DELPHI — The families of the two Delphi teens killed in February of 2017 spend every minute keeping their memories front and center. So when finding the killer is the priority — a cancer diagnosis was kept private.
"I never wanted to take the focus off of the girls," Becky Patty, grandmother of Libby German, said. "So, I talked to my family and told them how I felt, and I turned it over to God. And I said, 'you know what it's up to, you (and) I don't have time to worry about this."
Becky Patty, the grandmother of Libby German, spoke publicly about her cancer fight on RTV6 for the first time to help other families find their way through difficult days.
Patty met RTV6 on the field of where the memorial park is being built to honor her granddaughter Libby and her classmate Abby Williams.
Patty never wants any distractions from finding the girls' killer. So much so that she kept private her cancer fight until now.
"You have to think, 'I got this.' You have to think, 'I'm going to beat this,'" Patty said. "If you sit down and say, 'it's got me; the odds are against you ...' (say) that you're going to beat it. So you want people — you want them to all say, 'I got this.'"
In December 2018, Becky was diagnosed with endometrial cancer, which often begins in the uterus. The cancer is described as an aggressive form that only 15 percent get. There has been surgery, chemotherapy, and radiation.
"It's a win-win situation in my heart. It didn't hit me as hard as it maybe it would have because I thought if I don't beat this, I'm going to be with Libby and wait for my family," Patty said. "And if I do beat this, I get to look for this killer."
Her husband, Mike, their family, friends, and faith keep her positive.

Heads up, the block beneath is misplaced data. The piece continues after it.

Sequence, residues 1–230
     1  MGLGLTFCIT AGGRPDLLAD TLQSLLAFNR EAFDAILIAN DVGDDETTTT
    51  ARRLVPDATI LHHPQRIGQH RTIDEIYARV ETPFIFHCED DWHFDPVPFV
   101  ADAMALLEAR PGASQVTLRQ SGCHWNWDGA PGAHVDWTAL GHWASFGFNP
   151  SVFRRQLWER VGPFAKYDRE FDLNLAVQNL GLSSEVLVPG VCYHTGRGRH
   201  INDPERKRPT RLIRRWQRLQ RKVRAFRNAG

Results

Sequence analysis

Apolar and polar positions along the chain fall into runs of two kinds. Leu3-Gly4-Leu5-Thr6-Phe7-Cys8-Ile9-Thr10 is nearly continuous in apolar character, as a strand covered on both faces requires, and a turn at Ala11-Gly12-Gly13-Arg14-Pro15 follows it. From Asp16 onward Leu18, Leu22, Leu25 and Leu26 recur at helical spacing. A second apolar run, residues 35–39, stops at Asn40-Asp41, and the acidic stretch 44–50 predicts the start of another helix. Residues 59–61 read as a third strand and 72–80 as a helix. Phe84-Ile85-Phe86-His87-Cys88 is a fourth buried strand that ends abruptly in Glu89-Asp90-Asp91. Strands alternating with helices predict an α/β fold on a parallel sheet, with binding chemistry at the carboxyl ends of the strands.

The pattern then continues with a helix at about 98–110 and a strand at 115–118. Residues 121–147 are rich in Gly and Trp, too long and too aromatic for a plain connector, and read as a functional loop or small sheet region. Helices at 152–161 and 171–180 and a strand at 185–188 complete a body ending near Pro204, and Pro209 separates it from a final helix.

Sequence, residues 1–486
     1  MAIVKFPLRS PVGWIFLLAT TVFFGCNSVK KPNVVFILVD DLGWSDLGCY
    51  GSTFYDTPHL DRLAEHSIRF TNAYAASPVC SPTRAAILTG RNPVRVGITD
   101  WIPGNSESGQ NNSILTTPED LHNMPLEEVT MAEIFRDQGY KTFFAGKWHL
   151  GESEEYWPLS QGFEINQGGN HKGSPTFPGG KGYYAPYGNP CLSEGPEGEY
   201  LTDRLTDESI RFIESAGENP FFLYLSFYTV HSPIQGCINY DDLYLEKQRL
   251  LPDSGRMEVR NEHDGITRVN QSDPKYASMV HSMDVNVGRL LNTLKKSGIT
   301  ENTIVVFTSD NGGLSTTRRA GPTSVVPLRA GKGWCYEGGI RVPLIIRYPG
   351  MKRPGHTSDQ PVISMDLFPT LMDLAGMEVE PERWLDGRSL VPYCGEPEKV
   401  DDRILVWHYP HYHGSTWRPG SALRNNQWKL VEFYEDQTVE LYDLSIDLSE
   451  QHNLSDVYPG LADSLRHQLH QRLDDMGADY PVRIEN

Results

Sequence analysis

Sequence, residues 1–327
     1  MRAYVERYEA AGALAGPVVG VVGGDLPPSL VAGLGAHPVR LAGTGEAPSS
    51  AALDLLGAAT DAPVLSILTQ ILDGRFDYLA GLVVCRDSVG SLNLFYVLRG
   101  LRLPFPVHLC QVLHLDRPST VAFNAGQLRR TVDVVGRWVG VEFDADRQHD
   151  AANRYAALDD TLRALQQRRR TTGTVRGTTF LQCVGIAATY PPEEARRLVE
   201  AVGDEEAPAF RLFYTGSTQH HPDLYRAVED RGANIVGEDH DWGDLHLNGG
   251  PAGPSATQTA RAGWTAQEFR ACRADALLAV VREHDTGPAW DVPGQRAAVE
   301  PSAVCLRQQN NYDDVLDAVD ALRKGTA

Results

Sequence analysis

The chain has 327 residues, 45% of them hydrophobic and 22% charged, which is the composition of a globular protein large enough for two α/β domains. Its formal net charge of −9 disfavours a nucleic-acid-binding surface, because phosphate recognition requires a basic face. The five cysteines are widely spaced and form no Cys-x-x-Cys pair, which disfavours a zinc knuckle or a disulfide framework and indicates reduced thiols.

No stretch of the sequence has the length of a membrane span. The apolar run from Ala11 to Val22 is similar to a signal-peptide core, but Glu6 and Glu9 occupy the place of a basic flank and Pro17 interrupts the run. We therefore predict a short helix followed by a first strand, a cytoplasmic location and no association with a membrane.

Losing her hair was tough.
"I would be sitting in the chemo chair, and I'd watch women come in that had no hair and no hat, and they wore it proudly," Patty said. "And I met several young girls that just wore it proudly. They were not ashamed of it."
"When you look at these people who are fighters, that's what they have to do — they have to fight," Patty explained. "Don't let the 'C-word' scare you, and think that this is over."
Patty remains positive as she has some key appointments coming up. She's speaking now to encourage women and men to get annual physicals, check their family medical histories, and to promote early detection.
During her fight against cancer, Patty looks ahead at the progress in the construction of a memorial park to honor Libby and Abby.
"It's not just for us," Patty said. "We hope it will be a healing park — that's our goal."
"It means Libby will be remembered, Libby and Abby will be remembered," Patty said of the memorial park. "This is it; this is their legacy, and long after we're gone, this will be here, and as long as this is here, their names are here. Their story will be remembered ... That's all we can hope is it some good comes out of it."
Before the machines were brought in, family and friends helped remove big rocks that litter the property.
While clearing the land, Abby's grandmother, Diane Erskine, unearthed rocks shaped like hearts in the field.
Since the interview, the land has been seeded and strawed for softball games in 2020.
If you wish to donate to the park project, checks can be made out to the Carroll County Community Foundation and sent to P.O. Box 538, Delphi, Indiana 46923.
If you do know something about Libby and Abby's killer — a reward stands at more than $200,00 in exchange for valid information.
Tip Information Contacts
Tip Line: (844) 459-5786
Indiana State Police: (800) 382-7537
Carroll County Sheriff: (765) 564-2413
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